One issue is that the state relies on about $22 billion of federal funding annually to cover private insurance subsidies linked to plans purchased through the state’s health insurance exchange. It also pays for a provision of the law that greatly expanded Medicaid, the federal and state health care program for the poor (called Medi-Cal in this state), to include adults without dependent children. What would happen to those funds is unclear.

But Brown may be able to lean on public opinion for support for a single-payer system: A Pew Research report last month showed that 60 percent of Americans  — up from 51 percent last year — say the government should be responsible for ensuring health care coverage for all Americans, compared with 38 percent who say it should not be the government’s responsibility.

The belief that the government shoulder that responsibility has particularly spiked among lower- and middle-income Republicans, the report said.

Currently, the Pew researchers found, 52 percent of Republicans with family incomes below $30,000 say the federal government has a responsibility to ensure health coverage for all, up from 31 percent last year.

Lara is no stranger to health care legislation, especially on behalf of the state’s poor and undocumented.

Last year, Gov. Brown signed into law the senator’s Health4All Kids bill, which allocates almost $280 million in the coming fiscal year to cover health care costs for 185,000 undocumented California children up to age 18.

Brown also signed a Lara bill that would have allowed undocumented Californians to buy insurance through Covered California, the state’s health insurance exchange, regardless of their immigration status. The legislation would have cost taxpayers little or nothing because the undocumented wouldn’t have been entitled to any government subsidies, and the state filed for a federal waiver under the Affordable Care Act seeking to implement it. But last month, after it was delayed by the Trump administration, Lara withdrew the waiver request.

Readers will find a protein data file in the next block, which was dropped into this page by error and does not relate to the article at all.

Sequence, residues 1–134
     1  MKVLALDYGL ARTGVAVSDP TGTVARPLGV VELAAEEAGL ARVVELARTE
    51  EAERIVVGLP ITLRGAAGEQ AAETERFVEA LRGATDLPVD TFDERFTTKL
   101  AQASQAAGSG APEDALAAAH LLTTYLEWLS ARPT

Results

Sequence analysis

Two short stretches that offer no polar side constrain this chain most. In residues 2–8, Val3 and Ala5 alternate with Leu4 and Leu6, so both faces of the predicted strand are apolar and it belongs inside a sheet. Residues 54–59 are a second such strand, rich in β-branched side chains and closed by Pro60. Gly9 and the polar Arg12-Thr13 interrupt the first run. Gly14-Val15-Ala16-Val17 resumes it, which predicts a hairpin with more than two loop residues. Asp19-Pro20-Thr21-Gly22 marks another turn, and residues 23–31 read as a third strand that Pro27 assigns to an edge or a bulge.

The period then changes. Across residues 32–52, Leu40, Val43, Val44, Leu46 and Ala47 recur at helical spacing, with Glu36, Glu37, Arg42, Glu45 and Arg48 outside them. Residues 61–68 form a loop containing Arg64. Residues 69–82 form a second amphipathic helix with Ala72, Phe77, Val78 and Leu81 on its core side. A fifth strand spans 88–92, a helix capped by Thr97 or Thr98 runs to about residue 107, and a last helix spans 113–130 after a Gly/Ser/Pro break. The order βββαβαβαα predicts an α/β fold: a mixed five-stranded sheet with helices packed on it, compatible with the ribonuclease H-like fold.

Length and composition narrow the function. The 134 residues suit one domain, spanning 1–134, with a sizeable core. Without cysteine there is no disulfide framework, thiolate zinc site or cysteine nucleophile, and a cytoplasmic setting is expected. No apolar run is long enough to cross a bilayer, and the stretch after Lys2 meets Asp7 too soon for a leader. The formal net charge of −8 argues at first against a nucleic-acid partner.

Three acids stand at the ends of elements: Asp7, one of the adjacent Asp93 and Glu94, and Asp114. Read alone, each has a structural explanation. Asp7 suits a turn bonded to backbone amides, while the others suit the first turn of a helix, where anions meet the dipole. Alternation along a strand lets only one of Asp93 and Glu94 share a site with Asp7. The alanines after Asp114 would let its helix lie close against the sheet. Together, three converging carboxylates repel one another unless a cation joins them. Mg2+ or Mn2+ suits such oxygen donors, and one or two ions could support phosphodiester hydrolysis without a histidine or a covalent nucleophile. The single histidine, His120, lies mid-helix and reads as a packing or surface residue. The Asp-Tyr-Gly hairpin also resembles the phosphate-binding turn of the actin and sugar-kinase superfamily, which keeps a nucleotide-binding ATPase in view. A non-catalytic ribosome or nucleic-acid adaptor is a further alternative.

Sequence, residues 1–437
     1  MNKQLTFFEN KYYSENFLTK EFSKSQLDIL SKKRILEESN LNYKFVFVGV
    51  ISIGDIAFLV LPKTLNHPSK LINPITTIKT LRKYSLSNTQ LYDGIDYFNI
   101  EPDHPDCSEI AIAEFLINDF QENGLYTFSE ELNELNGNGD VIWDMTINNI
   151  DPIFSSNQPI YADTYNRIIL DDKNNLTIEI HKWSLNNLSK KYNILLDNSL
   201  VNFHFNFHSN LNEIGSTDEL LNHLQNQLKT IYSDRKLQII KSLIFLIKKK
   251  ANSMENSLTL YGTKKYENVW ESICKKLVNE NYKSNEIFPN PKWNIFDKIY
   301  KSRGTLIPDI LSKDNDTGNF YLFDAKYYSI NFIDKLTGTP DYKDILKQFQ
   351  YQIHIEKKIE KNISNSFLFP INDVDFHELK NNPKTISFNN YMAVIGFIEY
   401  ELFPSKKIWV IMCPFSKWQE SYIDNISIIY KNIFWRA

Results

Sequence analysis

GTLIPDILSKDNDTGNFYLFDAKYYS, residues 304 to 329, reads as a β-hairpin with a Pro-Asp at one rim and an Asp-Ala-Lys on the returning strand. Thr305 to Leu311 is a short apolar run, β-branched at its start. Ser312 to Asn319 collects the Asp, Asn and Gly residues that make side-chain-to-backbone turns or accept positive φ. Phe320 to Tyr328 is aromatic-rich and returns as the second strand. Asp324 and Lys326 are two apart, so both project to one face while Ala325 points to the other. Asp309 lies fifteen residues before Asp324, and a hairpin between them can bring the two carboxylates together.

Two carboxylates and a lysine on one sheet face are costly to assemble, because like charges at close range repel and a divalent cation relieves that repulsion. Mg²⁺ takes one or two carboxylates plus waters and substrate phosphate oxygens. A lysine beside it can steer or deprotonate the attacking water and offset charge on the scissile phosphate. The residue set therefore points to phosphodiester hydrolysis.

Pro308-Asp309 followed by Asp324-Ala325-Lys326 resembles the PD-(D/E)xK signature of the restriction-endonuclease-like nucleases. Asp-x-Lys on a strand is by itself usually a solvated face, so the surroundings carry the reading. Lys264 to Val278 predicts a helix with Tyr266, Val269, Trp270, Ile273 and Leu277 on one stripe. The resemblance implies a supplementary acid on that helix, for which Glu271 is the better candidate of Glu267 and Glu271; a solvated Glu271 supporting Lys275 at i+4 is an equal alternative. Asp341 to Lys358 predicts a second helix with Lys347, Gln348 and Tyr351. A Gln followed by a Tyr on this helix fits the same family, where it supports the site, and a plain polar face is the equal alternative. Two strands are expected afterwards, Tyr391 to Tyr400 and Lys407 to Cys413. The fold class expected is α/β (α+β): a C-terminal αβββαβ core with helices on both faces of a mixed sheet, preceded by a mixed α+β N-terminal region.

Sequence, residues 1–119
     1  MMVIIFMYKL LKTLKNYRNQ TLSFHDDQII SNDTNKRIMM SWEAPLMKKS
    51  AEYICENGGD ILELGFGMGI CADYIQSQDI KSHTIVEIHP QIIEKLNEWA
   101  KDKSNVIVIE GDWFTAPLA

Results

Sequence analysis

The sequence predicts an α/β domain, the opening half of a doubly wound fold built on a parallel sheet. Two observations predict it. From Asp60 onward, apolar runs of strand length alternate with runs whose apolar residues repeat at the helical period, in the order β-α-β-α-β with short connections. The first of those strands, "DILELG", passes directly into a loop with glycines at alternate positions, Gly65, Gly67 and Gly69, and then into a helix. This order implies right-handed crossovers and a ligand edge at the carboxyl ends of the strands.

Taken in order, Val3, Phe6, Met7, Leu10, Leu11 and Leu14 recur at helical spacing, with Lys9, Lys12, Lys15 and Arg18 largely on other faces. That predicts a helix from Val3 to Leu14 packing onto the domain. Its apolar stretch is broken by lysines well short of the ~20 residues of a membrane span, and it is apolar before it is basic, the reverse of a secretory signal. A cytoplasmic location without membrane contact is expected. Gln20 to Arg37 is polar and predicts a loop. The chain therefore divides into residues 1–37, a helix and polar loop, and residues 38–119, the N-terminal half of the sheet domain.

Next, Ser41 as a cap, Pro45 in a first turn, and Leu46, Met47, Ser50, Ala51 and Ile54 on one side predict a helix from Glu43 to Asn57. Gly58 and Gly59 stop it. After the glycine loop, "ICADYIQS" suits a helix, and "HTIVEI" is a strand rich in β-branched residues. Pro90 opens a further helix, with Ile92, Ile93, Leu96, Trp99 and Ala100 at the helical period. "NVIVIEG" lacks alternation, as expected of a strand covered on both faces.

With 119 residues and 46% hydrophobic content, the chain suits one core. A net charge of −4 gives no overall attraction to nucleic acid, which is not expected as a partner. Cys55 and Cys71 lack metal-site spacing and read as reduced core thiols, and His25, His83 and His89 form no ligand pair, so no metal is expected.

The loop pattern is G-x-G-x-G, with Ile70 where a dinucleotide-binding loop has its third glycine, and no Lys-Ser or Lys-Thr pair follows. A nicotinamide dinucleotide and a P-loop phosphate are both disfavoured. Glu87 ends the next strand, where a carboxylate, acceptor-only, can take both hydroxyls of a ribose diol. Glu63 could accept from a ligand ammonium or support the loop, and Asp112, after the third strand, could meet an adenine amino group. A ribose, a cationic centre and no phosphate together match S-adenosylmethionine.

Anthony Wright, executive director of the nonprofit advocacy group Health Access California, said late Thursday that his group has supported a number of efforts to put in place a single-payer health care system in California. That included Proposition 186, which voters rejected overwhelmingly in 1994, as well as former state Sen. Sheila Kuehl’s single-payer bills that passed the Legislature in 2006 and 2008 but were vetoed by then-Gov. Arnold Schwarzenegger. Wright’s group also backed a 2012 push for a single-payer health care system by former Sen. Mark Leno, D-San Francisco.

While he said he was aware of talk surrounding the new measure  bill, he is waiting to see more details.

“California’s health care system is stronger when everyone is included,” Wright said, “and we first need to fight to make sure Congress doesn’t take California further from that goal.’’

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California lawmakers to introduce single-payer health care plan today